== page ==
2020 in review: How UB’s faculty, staff and students fought COVID-19

UB students Joycelyn Moss, Philip Sales and Shaina Chechang hold PPE materials.

UB students Joycelyn Moss, Philip Sales and Shaina Chechang hold PPE materials that they, along with a team of other students, created for local dentists. Photo: Douglas Levere

Members of the UB community found an abundance of ways to fight the pandemic in Western New York and beyond

Release Date: December 18, 2020

Throughout the year, as the pandemic and its challenges have changed, so has the response of UB faculty, staff and students.

BUFFALO, N.Y. — Last March, Tim Murphy sat in a meeting with a handful of other UB scientists. All were coming to grips with the reality that the research they had built their careers on was, for now, coming abruptly to a halt. Despite that, the conversation that day had a single focus.

“Everyone was asking, ‘How can I help? What can I do?’ To a person, they all wanted to find a way to apply their skills to fighting this virus,” recalls Murphy, SUNY Distinguished Professor in the Jacobs School of Medicine and Biomedical Sciences at UB.

For the rest of 2020, that attitude has continued to prevail among UB employees, whether they are on the front lines, caring for patients in local hospitals, adapting scientific research to study the virus, transitioning to working from home while juggling homeschooling and other responsibilities, or making up the essential employee workforce on campus, some of whom were profiled in UBNow’s Thankful Thursday feature spotlighting essential workers.

In a year of unrelenting challenges, members of the UB community have worked tirelessly to respond to the COVID-19 pandemic.

They cared for patients. They volunteered in hard-hit New York City. They brought clinical trials to Western New York. They conducted research on COVID-19 and its societal impacts. And they answered the persistent need for accurate information by making presentations, publishing articles and translating technical information into language accessible to the media and the general public.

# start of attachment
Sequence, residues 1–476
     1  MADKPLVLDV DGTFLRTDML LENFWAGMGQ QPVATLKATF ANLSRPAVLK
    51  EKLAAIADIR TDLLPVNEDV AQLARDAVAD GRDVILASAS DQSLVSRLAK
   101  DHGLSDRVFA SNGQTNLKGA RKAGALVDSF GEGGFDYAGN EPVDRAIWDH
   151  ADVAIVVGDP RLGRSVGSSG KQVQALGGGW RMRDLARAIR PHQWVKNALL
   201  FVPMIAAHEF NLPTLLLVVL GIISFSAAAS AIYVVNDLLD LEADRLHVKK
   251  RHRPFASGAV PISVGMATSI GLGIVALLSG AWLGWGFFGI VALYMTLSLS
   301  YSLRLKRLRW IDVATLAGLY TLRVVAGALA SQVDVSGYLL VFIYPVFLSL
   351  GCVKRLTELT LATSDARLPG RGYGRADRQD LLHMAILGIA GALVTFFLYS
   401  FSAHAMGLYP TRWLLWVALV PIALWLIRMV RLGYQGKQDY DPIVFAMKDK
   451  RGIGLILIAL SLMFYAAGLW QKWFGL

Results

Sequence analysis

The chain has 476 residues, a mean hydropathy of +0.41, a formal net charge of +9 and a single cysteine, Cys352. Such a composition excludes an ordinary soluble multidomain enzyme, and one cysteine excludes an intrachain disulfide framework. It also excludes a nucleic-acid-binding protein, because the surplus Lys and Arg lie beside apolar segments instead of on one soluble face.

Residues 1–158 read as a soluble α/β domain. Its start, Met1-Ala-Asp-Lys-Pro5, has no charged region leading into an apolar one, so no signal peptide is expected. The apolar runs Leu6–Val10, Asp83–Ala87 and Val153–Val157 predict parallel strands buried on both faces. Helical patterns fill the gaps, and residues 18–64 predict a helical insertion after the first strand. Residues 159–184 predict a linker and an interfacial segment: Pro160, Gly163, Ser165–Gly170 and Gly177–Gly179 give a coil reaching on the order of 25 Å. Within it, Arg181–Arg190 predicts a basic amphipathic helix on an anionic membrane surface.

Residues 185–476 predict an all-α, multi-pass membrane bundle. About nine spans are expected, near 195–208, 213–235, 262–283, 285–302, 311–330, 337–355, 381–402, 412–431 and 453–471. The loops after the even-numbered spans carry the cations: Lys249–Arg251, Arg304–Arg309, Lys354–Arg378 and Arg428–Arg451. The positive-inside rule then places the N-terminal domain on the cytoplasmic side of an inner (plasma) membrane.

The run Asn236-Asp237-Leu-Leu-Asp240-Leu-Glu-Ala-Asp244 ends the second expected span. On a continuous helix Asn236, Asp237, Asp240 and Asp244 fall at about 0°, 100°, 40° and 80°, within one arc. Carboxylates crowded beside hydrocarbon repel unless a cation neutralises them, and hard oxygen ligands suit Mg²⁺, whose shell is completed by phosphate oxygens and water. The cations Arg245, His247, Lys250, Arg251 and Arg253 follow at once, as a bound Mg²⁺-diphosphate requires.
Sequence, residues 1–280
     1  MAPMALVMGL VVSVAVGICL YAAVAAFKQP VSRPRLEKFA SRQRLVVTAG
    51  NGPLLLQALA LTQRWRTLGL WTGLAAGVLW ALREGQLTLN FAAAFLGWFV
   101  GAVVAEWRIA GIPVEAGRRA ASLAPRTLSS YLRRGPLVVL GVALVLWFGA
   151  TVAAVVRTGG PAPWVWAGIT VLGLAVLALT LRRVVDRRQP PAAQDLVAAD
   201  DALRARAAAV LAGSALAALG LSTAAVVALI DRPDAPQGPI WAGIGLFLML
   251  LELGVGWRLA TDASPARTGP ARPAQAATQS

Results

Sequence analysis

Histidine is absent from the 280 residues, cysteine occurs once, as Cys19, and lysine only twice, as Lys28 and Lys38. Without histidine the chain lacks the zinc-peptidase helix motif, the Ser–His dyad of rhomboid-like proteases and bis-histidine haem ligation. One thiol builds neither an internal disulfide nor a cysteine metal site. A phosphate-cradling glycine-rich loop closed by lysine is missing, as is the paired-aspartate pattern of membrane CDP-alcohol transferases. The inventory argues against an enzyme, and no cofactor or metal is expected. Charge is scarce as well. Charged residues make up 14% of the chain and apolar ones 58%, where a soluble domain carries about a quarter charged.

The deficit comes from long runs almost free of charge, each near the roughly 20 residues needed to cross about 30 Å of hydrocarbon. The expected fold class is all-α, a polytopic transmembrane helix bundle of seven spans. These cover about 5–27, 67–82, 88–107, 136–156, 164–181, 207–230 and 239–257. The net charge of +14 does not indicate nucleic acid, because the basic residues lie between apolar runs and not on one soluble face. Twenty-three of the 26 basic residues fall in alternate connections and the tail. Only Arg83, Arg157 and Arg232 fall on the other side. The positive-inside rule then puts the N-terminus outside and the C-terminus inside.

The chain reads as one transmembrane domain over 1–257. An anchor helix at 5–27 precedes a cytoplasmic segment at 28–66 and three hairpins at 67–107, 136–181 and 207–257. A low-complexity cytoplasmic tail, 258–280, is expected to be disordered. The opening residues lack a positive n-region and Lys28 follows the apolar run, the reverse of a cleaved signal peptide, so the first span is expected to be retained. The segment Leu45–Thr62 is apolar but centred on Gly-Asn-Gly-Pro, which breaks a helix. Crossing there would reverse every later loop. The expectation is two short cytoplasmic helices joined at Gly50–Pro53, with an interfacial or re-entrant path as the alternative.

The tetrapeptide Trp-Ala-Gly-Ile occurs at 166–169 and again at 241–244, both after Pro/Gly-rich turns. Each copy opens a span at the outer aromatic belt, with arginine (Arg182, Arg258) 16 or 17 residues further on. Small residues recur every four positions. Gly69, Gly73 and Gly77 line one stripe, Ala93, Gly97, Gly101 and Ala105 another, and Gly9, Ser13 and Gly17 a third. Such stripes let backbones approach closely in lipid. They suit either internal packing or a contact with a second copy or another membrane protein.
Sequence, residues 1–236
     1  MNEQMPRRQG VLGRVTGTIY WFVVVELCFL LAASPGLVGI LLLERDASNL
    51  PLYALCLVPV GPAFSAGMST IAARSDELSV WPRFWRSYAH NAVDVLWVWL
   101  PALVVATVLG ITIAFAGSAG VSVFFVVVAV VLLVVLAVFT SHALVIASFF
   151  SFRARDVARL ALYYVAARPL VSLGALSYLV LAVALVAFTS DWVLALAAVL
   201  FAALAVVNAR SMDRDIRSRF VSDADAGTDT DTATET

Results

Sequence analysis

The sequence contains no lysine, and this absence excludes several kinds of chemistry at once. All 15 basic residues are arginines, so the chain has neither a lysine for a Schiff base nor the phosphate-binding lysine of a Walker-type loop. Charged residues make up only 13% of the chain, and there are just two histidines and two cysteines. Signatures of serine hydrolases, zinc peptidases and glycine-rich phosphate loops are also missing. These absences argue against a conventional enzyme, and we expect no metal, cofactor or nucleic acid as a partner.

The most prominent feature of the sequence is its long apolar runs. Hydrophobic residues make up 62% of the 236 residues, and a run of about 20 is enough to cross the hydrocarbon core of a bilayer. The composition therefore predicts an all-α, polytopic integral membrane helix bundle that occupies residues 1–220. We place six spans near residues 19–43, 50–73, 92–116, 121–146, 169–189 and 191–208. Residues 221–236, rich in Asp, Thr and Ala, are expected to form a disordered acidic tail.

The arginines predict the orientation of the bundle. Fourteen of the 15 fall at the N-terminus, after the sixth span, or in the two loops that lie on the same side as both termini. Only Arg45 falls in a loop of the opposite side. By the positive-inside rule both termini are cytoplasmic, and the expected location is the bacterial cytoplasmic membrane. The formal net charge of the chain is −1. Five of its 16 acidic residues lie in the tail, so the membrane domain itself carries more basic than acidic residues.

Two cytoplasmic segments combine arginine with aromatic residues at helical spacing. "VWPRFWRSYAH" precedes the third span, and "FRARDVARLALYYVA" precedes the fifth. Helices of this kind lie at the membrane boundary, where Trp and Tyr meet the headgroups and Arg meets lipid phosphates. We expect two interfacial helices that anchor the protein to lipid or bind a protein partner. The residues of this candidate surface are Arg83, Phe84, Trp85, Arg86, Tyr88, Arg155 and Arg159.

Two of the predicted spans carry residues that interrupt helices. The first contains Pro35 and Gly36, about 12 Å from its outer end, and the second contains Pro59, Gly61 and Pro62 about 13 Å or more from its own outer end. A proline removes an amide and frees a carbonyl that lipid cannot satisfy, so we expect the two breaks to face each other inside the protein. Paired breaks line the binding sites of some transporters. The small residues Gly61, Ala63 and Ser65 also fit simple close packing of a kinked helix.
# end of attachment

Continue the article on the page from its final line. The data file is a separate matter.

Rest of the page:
Throughout the year, as the pandemic and its challenges have changed, so has the response of UB faculty, staff and students. It’s impossible to describe them all. In fact, as of this writing, members of the UB community are undertaking new initiatives that have not yet come to light.

Below is a sampling of some of the many ways the UB community continues to work every day to mitigate the effects of this unprecedented chapter in our lives. The media placements listed are just a few examples of the media coverage UB has received during the pandemic.

The pandemic’s early days

In early 2020, UB’s infectious disease experts and health care workers aided the region’s pandemic planning and response, helping hospitals prepare, and treating patients. The UB community also raced to help Western New York ramp up testing efforts, donating supplies and addressing bottlenecks. Students, staff and faculty launched innovative programs to provide personal protective equipment to essential workers, and many also volunteered, delivering meals to kids in Buffalo, providing care in hard-hit New York City, playing bagpipe music for neighbors, and making a Buffalo ‘coloring book’ for families staying at home.

·       The Washington Post: Buffalo braces to become a coronavirus battleground

·       The Buffalo News: Doctor shares lessons from the 'Covid floor'

·       UB News Center: UB’s front line physicians face exhausting, rapidly changing work conditions posed by COVID-19